Sunday Observer Online
 

Home

Sunday, 14 June 2015

Untitled-1

observer
 ONLINE


OTHER PUBLICATIONS


OTHER LINKS

Marriage Proposals
Classified
Government Gazette

No significant growth in exports- Chamber official

Alhough Sri Lanka’s exports have increased over the years, it has not shown any significant growth compared to other countries in the region.

For decades several Governments emphasised the importance of exports with slogans such as ‘export or perish’. However, the country’s export growth rates have been mediocre and sometimes stagnant, Immediate Past President, National Chamber of Exporters, Dr. Jagath Peiris said.

The country’s exports as a percentage of the GDP is one of the lowest in the region at less than 10 percent. In Singapore, exports are over 115 percent of GDP, he said emphasising the need to broad-base the number of active exporters.

With a relatively small domestic market, the country cannot expect to improve the GDP or the per capita income without having significant export growth in the next few years.

The main issue is that we still depend on a relatively few exporters for the bulk of our exports. These exporters are focused on commodity exports or in low value-added exports. There is a limit to the growth of exports through commodities and low value-added products and any significant growth in these sectors is unlikely in the future, he said.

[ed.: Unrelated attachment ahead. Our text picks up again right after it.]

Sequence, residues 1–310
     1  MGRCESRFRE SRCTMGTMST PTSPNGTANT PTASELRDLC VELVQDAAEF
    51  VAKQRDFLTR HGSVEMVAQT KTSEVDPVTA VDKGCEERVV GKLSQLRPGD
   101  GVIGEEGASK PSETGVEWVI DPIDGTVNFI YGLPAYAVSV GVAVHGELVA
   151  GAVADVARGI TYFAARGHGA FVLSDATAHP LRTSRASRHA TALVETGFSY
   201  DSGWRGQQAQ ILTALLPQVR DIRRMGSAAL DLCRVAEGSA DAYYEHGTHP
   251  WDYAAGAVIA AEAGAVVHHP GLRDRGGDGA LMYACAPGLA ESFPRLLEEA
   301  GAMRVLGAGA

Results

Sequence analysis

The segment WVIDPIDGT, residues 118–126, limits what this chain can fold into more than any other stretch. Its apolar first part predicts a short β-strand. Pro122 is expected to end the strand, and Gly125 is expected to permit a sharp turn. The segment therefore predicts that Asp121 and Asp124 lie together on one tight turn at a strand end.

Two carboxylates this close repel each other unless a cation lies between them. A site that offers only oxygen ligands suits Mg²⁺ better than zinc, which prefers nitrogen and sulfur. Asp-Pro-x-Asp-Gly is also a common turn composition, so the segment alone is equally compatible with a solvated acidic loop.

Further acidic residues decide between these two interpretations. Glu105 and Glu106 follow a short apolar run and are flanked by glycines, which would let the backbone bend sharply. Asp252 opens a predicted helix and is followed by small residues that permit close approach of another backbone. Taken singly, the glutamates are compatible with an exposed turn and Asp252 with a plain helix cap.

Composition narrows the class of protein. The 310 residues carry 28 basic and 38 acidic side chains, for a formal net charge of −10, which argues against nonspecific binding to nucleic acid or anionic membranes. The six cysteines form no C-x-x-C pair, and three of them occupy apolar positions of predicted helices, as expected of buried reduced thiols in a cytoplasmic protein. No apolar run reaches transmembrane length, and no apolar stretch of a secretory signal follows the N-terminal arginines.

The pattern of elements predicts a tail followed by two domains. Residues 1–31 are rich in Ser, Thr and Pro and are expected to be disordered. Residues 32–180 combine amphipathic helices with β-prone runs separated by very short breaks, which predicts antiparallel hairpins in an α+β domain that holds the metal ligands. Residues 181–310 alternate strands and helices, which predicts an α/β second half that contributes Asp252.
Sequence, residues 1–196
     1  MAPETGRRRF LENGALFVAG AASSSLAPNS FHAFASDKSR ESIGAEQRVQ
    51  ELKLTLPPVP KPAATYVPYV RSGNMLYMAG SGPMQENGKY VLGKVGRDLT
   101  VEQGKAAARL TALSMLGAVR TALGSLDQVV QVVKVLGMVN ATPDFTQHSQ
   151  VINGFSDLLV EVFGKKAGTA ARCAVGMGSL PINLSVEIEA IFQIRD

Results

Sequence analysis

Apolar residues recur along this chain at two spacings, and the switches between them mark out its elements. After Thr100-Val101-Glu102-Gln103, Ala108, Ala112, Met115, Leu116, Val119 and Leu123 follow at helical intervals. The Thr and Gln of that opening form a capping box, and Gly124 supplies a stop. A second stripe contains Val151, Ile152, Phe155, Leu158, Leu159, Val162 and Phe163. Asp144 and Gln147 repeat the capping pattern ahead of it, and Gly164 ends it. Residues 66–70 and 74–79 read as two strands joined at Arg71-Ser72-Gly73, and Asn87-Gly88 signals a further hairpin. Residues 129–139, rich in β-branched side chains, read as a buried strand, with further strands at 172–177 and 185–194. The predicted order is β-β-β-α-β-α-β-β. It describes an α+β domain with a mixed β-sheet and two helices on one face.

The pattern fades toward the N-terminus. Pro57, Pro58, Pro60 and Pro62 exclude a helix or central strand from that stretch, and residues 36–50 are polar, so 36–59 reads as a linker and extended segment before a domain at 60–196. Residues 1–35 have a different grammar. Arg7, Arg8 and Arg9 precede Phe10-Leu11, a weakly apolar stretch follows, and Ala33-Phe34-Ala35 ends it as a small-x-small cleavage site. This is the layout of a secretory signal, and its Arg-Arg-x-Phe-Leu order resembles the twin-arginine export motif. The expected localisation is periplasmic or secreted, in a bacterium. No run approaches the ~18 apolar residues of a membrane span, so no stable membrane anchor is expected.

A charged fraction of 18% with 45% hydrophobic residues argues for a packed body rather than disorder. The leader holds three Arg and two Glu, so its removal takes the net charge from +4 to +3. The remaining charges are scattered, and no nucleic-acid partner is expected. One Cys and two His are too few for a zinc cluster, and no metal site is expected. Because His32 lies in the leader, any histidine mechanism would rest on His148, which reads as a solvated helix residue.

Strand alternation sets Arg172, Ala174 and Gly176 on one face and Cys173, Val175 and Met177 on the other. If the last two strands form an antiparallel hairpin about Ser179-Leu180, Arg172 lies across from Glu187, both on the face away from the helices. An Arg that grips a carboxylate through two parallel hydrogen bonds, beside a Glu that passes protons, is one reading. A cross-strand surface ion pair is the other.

We need to focus more on high value-added exports and have more products and services in our export basket.

We also need more exporters. The small and medium business sectors should be encouraged to export value-added products and services. If the number of exporters and the number of products and services exported increase, the country could immediately see a significant growth in export values, Dr. Peiris said.

The local industries should focus only on high value-added products. Government assistance should only be provided to industries that have high value-addition.

In a country, which is fast experiencing a shortage of labour for factory operations, will need to use the limited labour on productive and high value-adding industries.

Assistance should be given to such industries to first enter the local market through import substitution and later step into the export market.

There is little benefit to the country and to the consumer when low value-added products are manufactured locally and protection given to the local industrialists to market such products in the domestic market. Such industries will go from bad to worse with unproductive methods.

Import substitution should only be encouraged for high value-added products. Low value-added products can always be imported, from countries which have a competitive advantage in producing such products, he said.

If strategies are formulated considering these suggestions, exports will grow exponentially and meeting the Government’s target of US$ 20 billion in exports by 2020 would be a possibility, he said.

 | EMAIL |   PRINTABLE VIEW | FEEDBACK

LANKAPUVATH - National News Agency of Sri Lank
www.batsman.com
Telecommunications Regulatory Commission of Sri Lanka (TRCSL)
www.army.lk
www.news.lk
www.defence.lk
Donate Now | defence.lk
www.apiwenuwenapi.co.uk
 

| News | Editorial | Finance | Features | Political | Security | Sports | Spectrum | World | Obituaries | Junior | Youth |

 
 

Produced by Lake House Copyright © 2015 The Associated Newspapers of Ceylon Ltd.

Comments and suggestions to : Web Editor